The camera has a built-in tally light and the switcher sends the tally signals back to the cameras (assuming you use TWO SDI cables per camera!) The tally light appears to be quite small and hidden just above the lens mount, so it seems of limited visibility unless you have a very small lens and are very close to the camera. There does not appear to be any kind of output for an external tally that can be seen at a distance one would expect in the Real World, or any tally provision for a camera operator. Are you planning on using these as human-operated cameras? Or remote-controlled? Or fixed POV cameras?

The Micro Studio Camera 4K has intercom built-in, with a 3.5mm TRRS socket for a headset as one would use with an iPhone, etc. However you will need an ATEM Talkback Converter to access the intercom/talkback back at the switcher end.

Remember also that those cameras do not come with lenses, and they use a rather premium lens mount, so you may end up spending 2x or 3x for each camera by the time you hang some glass on the front of them. The Blackmagic stuff seems like great performance for the money, but not necessarily when you add up all the required "accessories". Especially if you want to equip the camera(s) with operator-controlled lenses. You could end up with 4x-5x the base price for each camera.

Remember also that SDI is quite high frequency and doesn't tolerate "very long SDI cable runs". My working rule is that even with large RG-6 cable, 300ft/100m is the practical length limit. If you want to go longer than that, those fiber optic boxes from Blackmagic are one solution if you have the budget for that.

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    This answer is fantastic, it actually answered some questions I didn't know I had as well. It seems like those cameras may not actually be best suited for my needs. I'm actually thinking now about using GoPro cameras with HDMI to SDI converters as a much cheaper alternative. Perhaps I should set that up as a separate question outlining how I plan to use them, but do you have any recommendations for relatively small footprint cameras for multi-cam setups? Any reasons why I may regret using GoPros? – Johannes Nov 14 '16 at 16:49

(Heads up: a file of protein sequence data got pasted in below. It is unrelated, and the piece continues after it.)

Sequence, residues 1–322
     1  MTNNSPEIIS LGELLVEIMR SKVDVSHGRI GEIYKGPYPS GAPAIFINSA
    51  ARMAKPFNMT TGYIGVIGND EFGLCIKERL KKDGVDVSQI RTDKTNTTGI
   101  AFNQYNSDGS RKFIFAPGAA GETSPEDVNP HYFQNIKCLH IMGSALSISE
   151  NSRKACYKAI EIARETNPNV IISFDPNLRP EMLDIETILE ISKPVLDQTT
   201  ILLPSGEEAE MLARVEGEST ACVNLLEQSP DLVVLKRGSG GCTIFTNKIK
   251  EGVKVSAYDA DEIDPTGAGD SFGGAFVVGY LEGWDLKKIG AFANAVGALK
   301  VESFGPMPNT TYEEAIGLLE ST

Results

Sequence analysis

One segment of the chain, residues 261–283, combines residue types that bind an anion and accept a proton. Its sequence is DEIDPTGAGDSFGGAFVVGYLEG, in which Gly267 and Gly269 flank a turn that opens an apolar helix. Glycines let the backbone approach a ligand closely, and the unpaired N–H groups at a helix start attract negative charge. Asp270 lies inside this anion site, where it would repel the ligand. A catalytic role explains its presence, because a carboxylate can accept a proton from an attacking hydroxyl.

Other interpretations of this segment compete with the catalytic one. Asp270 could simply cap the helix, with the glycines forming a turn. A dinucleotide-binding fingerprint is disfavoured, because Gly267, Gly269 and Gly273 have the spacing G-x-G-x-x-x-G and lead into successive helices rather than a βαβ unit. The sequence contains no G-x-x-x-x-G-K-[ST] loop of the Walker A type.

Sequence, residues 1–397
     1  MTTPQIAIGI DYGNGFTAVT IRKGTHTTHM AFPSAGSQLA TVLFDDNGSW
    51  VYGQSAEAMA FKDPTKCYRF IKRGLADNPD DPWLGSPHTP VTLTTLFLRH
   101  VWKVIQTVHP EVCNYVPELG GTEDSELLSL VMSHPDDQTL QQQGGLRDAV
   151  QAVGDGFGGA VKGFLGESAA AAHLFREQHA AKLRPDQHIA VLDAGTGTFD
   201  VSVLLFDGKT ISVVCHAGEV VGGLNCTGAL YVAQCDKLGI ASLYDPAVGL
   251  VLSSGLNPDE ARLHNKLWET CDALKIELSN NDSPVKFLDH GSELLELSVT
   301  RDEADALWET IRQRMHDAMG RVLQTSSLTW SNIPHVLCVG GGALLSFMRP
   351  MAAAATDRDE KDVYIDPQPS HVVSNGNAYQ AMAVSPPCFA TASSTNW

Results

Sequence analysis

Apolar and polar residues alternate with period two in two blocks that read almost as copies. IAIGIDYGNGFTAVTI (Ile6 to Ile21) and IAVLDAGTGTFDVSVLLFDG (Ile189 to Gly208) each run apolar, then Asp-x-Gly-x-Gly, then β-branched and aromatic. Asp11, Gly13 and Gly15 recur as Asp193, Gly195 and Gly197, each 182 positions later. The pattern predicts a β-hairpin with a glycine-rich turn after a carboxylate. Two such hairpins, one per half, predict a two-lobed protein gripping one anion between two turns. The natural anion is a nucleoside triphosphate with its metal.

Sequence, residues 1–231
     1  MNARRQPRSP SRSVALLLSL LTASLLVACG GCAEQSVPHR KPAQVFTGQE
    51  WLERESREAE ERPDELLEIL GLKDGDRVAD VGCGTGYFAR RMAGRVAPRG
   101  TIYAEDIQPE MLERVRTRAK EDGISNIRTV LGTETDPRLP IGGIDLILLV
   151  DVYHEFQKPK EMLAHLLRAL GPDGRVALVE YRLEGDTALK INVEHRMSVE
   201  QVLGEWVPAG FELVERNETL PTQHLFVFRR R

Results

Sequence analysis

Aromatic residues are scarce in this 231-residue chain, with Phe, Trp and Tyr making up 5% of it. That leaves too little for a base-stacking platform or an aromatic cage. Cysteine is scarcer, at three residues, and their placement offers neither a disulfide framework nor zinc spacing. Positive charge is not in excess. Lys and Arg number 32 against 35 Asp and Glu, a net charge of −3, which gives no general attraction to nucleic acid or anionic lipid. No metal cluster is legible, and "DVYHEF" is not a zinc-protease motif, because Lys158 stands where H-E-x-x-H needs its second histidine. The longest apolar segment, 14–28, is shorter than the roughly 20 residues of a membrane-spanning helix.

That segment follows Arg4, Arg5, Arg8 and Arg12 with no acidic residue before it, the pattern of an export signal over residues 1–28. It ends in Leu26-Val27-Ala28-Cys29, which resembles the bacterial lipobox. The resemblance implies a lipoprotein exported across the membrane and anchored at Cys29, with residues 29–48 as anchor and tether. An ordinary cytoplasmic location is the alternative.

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    The biggest problem with GoPro (or any of those small POV cameras) is the lens. You are stuck with a single focal length. And that focal length is also extremely WIDE (actually FISHeye) which makes everything look far away and rather distorted. You won't be able to produce anything that looks like conventional video coverage with only GoPro. Of course, haveing a few of them here and there in special spots make interesting little "insert shots" (like spices in your recipe). – Richard Crowley Nov 14 '16 at 17:34
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It's not really an off-the-shelf solution but, for multi-cam recordings, one company I work with built 2 PCs equipped with a Matrox VS4 "Quad HD Capture Card". The card is equipped with 4 SDI inputs and can synchronise the recordings on the 4 inputs so that the video files can be dropped into your favourite video editing software with the cameras synced for multicam editing. We can also network the 2 PCs together and record 8 channels of video simultaneously.

In addition to the cost of the card itself, to unlock the synchronised recording capabilities, you need to purchase a licence for the Matrox VS4Recorder Pro software, so it's not a cheap option, but maybe you can find a rental house that has built a similar machine.

For streaming, the card is recognised by Wirecast, and provides 4 independent sources.

One downside is that, by default, the card encodes using the Matrox MPEG2 or DVCPro codec, so you need to install their codecs on whatever system you use to edit. The cards can, theoretically, encode in h264 but this depends on the compatibility of the graphics card and motherboard in the machine, and I never managed to get this working.